All we can do is wait and see. Perhaps Roland’s job here will be made easy for him, if for example Lee Bowyer made it plain that if Grant is sold he is off too (that is of course pure conjecture, I’m never ‘in the know’).

On other fronts, many will be desperate to find out whether or not Lyon Duchere progressed to the last 16 of the French cup on Tuesday evening. They did! At half-time away at Andrezieux (to recap the team from a level below Duchere which had dumped Marseille in the previous round) it was 1-0 to the home team, but Duchere turned it around to triumph 2-1.

For acceptable reasons my partner Suzanne declined the option to drive to Andrezieux and back to watch the game, so I have only the highlights available on the Duchere website to go on. And from those it looked like a classic case of a game of two halves. In the first Andrezieux, presumably fired up by a large crowd, ran Duchere ragged. Their goal was a beauty, good movement by a fast winger to go around his man and deliver a cross to the near post which was met by a forward more alert than his marker. It looked as though they had the chances to put the game to bed. But didn’t.

As the snow fell the game turned when early in the second half Duchere fashioned an equaliser. A well-worked move which led to the ball being delivered to the left side of the box, from where their guy, Franck Julienne, slotted it across the keeper and into the far corner of the net. And eight minutes later they did the same thing. Same set-up, same shot, same scorer. Given that the highlights showed no Andrezieux chances after that, I’m assuming that Duchere saw out the game in decent fashion without scares, and the final shot shows them celebrating in front of perhaps 30 of their supporters, so some did make the trip.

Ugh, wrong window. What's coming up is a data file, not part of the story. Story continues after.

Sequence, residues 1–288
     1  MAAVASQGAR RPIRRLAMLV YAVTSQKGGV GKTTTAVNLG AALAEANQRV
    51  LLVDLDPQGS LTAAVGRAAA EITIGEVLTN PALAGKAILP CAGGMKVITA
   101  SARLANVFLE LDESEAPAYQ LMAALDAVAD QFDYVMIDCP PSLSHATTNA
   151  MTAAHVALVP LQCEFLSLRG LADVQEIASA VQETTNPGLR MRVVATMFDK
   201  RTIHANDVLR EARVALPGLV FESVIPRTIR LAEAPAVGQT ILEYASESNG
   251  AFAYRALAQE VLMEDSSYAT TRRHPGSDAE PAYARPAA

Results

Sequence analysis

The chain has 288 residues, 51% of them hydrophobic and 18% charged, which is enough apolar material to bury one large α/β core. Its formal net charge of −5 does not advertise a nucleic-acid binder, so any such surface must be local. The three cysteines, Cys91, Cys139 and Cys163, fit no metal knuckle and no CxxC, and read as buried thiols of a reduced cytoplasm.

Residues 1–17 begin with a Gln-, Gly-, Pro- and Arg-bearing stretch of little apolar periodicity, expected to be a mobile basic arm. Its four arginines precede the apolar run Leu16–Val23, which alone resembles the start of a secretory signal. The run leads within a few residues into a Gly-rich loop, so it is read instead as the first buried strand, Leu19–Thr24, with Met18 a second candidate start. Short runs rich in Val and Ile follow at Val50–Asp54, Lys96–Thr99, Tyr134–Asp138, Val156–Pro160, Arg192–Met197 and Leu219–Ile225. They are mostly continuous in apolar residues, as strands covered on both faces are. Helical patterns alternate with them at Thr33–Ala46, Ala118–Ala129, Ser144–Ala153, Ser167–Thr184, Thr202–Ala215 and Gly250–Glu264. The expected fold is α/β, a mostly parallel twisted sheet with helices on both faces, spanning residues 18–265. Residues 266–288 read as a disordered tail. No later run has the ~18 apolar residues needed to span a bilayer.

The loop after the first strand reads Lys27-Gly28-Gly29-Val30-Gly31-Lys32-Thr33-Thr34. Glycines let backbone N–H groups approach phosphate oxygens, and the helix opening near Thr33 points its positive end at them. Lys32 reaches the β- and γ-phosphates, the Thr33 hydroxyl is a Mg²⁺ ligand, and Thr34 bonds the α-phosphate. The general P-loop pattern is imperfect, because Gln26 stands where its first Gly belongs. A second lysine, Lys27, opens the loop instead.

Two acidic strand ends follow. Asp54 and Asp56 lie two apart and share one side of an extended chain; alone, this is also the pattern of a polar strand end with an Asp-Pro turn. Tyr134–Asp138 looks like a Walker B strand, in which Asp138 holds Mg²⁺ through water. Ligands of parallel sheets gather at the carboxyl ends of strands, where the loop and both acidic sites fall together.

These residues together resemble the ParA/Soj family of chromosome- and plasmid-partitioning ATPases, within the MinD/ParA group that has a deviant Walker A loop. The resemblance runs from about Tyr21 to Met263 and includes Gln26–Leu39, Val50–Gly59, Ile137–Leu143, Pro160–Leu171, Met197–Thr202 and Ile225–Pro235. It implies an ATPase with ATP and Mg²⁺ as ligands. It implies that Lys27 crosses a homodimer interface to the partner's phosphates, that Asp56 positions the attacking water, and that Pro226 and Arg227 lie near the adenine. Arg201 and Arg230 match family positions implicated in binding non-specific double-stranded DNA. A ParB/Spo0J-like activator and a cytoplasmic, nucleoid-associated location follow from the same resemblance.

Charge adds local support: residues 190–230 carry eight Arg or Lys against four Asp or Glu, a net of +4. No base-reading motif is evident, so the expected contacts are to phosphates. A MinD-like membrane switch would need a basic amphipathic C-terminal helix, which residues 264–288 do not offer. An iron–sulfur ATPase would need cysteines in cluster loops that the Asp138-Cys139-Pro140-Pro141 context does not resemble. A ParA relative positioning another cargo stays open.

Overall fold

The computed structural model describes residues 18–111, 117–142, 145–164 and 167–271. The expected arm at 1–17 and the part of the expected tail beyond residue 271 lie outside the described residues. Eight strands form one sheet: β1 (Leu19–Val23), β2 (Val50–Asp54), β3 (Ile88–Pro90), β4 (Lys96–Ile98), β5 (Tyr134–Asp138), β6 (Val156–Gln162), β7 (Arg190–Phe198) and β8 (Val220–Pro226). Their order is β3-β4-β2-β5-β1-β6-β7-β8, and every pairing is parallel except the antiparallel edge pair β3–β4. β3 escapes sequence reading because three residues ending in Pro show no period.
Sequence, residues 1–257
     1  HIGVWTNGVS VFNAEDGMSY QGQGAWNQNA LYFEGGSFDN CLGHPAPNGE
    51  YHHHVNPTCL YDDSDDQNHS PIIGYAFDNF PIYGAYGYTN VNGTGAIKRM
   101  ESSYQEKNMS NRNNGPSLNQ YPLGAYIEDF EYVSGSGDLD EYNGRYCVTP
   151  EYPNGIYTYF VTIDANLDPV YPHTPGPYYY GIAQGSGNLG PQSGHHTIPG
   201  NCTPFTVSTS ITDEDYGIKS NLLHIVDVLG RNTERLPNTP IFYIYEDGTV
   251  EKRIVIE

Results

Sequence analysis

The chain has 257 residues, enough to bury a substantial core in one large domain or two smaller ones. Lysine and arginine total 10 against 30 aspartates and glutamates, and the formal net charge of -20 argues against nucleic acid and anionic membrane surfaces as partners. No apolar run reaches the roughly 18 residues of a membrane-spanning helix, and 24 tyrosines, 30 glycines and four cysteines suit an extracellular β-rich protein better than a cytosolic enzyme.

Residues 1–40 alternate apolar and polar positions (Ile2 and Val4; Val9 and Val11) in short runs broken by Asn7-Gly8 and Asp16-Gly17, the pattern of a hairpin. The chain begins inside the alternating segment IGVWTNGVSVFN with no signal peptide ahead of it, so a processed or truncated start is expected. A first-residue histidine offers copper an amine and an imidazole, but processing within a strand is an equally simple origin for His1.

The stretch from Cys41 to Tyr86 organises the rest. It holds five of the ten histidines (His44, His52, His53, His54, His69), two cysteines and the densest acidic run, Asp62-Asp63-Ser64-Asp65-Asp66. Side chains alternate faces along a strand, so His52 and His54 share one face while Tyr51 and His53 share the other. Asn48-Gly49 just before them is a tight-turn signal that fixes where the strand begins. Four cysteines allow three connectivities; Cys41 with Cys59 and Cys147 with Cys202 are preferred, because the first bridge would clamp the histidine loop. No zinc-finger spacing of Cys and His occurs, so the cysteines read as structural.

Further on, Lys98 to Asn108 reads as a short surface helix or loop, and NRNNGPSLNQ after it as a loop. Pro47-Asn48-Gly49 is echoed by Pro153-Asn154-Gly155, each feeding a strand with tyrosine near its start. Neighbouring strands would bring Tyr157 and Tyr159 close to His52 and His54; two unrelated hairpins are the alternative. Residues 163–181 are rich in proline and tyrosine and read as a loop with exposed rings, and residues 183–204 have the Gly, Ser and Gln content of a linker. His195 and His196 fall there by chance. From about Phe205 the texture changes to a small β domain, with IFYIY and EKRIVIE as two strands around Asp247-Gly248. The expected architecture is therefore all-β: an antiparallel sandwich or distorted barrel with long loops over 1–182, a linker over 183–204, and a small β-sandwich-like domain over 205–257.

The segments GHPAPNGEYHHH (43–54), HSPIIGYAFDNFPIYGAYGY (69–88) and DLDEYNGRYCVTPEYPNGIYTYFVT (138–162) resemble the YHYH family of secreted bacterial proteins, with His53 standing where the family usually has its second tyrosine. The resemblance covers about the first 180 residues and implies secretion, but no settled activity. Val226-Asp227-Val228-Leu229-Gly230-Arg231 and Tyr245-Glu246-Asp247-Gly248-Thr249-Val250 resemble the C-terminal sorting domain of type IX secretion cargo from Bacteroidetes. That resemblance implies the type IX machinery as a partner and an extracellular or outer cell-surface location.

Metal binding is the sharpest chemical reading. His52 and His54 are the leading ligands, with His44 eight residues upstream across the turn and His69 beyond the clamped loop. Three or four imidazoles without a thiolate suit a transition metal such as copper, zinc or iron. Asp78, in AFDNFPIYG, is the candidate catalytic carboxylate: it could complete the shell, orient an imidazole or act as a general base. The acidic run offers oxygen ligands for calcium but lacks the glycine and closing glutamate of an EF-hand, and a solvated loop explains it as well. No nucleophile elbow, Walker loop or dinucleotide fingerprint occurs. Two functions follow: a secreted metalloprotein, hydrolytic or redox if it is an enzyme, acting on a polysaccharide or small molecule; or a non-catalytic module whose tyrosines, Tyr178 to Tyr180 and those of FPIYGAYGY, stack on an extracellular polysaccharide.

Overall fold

Now here I have to confess to a simple mistake on my part. In my previous post I said it seemed the framework for the cup draws was already determined, but that was just me misreading a graphic. Instead it seems that tonight will see the draw for the last 16 involved. Really there are just two options to set the pulses racing: a home tie against either Olympique Lyonnais (they do have yet to get past Amien), to give the city a real derby match, or at home to PSG (who are through). I say ‘at home’ but in either eventuality I’m led to believe that the game would be moved from Stade de Balmont, which is said by Wikopedia to have a capacity of 5,600 but which would struggle to cope with the logistics of anything like that number.